How Long Can You Drive On a Spare Tire?

Spare tires are an essential part of having a car, and you should be able to have them if you want to use them in an emergency. However, it is necessary to understand that spare tires are unreliable to use in the long run and must not be seen as a permanent solution. Most importantly, the light tires also have a life beyond which their efficiency decreases. So for how long should you use a spare tire? This is a ubiquitous question, and there needs to be an answer.

spare tire

This article will discuss the types of spare tires and how long you can use them.

1. Space-saver or doughnut tire: How can you identify the type of tire you have? You should be able to recognize a space saver or a doughnut tire when the tire size is smaller than the usual one. The doughnut tire is usually found in every car’s back and is generally treated as a spare tire. The size is smaller so that people do not rely on the spare tire for extended use and get a proper one from a certified mechanic or a car shop. Generally, people know that space-saver tires are not to be treated as a permanent solution, and they must not be used for long runs. However, we need to tell you that space-saver tires should only be taken out until seventy miles have been covered. When seventy miles have crossed, the efficiency of the tire may vanish, and it might get difficult for the car to run. Furthermore, you can only speed up to fifty miles per hour and do not run fast as much. You should also be aware that it has a lesser gripping power on-road than the standard tires so that they can be worn out much quicker than the other one. Therefore, space-saver or doughnut tires have quite a few restrictions, and they must not be used as a permanent solution. The car should be taken to the automobile shop as early as possible to avoid inconvenience.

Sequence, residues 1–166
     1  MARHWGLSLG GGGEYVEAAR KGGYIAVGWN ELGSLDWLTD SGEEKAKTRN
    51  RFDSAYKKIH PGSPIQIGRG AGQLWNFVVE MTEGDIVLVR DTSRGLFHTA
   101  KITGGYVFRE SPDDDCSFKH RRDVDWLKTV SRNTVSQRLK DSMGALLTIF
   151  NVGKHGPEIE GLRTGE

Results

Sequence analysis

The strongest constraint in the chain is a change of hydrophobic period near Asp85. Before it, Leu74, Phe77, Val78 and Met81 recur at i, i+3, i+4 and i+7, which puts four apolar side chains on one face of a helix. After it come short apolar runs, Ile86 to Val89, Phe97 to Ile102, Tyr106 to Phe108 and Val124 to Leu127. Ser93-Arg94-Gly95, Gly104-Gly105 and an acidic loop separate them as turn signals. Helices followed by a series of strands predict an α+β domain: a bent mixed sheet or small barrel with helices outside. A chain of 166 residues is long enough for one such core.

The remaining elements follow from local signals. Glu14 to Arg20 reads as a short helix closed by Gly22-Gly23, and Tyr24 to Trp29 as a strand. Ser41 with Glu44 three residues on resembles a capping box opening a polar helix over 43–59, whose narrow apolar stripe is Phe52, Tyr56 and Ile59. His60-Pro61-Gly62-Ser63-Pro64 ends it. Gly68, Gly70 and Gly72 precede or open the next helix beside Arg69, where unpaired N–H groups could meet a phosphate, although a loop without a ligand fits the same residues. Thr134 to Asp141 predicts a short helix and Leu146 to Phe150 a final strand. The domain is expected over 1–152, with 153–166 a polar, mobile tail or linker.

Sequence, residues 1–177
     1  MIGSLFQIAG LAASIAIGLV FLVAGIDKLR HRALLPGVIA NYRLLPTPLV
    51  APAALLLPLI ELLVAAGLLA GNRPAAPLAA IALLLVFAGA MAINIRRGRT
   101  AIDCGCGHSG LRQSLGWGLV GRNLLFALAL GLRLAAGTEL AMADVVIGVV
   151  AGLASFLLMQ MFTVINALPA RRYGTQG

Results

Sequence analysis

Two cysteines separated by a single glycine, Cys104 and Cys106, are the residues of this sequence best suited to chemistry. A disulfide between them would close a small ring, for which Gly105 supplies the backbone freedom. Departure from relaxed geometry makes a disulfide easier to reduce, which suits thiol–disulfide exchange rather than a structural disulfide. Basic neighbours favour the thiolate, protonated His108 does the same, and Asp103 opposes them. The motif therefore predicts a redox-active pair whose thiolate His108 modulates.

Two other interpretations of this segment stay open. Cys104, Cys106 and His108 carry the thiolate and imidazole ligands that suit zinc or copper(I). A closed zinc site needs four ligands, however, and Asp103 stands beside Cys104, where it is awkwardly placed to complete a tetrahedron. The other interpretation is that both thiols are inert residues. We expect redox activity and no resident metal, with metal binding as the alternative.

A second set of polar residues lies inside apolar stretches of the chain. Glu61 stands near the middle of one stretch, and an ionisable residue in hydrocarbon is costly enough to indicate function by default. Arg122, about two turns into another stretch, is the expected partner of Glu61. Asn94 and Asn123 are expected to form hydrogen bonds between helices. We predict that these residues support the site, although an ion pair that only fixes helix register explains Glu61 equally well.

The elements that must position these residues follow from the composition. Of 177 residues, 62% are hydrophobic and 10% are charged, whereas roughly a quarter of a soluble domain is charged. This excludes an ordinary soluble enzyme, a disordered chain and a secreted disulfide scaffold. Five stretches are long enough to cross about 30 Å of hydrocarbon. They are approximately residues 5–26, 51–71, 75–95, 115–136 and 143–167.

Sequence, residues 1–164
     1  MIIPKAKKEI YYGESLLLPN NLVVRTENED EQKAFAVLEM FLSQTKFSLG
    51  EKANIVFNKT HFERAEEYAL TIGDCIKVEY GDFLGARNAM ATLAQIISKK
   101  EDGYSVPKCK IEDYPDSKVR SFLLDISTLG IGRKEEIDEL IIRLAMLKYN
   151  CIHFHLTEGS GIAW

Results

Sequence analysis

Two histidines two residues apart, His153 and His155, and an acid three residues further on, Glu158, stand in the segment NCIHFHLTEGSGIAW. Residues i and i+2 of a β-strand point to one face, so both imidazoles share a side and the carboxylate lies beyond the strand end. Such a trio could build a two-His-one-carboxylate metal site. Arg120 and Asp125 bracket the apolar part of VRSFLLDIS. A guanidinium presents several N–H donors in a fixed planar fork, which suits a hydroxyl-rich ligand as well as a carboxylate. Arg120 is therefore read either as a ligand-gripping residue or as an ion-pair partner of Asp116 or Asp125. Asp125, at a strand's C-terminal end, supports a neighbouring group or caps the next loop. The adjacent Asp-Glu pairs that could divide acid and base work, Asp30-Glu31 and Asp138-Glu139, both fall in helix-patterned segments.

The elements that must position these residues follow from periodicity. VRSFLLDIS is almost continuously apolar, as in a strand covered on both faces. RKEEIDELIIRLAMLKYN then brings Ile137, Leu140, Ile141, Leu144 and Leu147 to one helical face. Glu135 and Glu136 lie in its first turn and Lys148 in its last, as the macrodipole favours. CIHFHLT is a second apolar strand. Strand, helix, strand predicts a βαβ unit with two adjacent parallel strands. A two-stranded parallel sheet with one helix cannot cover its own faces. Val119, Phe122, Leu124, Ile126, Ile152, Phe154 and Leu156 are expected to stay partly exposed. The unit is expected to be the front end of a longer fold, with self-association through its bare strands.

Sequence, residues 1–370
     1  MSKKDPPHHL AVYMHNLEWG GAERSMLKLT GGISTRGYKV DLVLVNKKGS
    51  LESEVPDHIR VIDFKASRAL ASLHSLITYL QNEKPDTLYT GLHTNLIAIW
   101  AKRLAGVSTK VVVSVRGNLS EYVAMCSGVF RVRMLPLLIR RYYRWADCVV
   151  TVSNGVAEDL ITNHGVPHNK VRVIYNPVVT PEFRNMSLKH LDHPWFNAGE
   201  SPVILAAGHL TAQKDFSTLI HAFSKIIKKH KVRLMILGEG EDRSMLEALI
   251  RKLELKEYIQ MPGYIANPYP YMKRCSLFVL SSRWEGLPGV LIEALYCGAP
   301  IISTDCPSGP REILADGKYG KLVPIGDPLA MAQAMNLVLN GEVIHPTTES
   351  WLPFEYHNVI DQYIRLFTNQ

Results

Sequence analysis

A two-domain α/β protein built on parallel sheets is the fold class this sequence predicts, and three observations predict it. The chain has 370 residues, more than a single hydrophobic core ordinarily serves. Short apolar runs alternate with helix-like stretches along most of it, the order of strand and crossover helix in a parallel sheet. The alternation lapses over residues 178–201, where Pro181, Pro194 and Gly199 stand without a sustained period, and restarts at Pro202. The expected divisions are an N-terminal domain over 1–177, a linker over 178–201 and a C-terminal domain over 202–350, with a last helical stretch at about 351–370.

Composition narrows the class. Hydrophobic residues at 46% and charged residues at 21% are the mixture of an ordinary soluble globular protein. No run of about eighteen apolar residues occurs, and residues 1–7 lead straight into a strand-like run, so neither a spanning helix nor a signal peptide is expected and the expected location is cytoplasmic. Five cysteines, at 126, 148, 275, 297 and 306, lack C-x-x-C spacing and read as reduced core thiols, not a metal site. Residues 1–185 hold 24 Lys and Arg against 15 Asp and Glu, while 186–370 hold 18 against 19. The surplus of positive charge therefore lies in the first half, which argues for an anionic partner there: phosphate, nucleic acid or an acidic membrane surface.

2. Full-size spare tire: Full-size light tires are quickly and conveniently found in more oversized vehicles, such as trucks or sports utility vehicles (SUVs) cars. The full-size spare tire is similar to a standard tire in size and ability. However, many users have complained about a change in driving when they have a full-size spare tire attached. This is because having a full-size spare tire decreases efficiency. This happens because the car has tires made by different manufacturers, reducing efficiency and performance. Another issue with the full-size spare tire is that since it is brand new, the gripping power would be far less than that of the standard tire, and it would take a while to get adjusted to. Therefore, a full-size spare tire is again not a permanent solution, and the car must be taken to the nearest automobile shop to get a new tire.

3. Run-flat tire: Often touted as the most muscular tire, the run-flat tire distinguishes from others because of its ability to sustain even after a puncture. They do not deflate quickly because of their solid sidewalls and, therefore, maintain for a long time. It is extremely tough and can work efficiently and run some miles at fifty kilometers per hour. However, as it is laden with many advantages, it is costly. However, you should still check the tire pressures and see whether it is low or not. Having run-flat tires does not mean that you do not check the air pressure in the tires. After running for some time, even after a puncture, the tire pressure can significantly become low and must be checked for air. The tire will then be replaced or repaired as advised by the automobile experts.

How Long Can You Drive on a Spare Tire?

It would help if you drove on a spare tire up to 70 miles. A basic rule of thumb is to travel no more than 70 miles and no faster than 50 miles per hour. If you drive more than 70 miles, you can damage a car’s axles and cause severe car damage.

These short, narrow spares are meant to conserve room and weight in the vehicle, allowing manufacturers to create a smaller car. The tire, on the other hand, isn’t built to last. Driving time and speed recommendations may be found in your owner’s handbook. The main reason to avoid using spare tires or donut tires for an extended period is that they have little to no tread, leaving the spare tire exposed to road dangers and projectiles.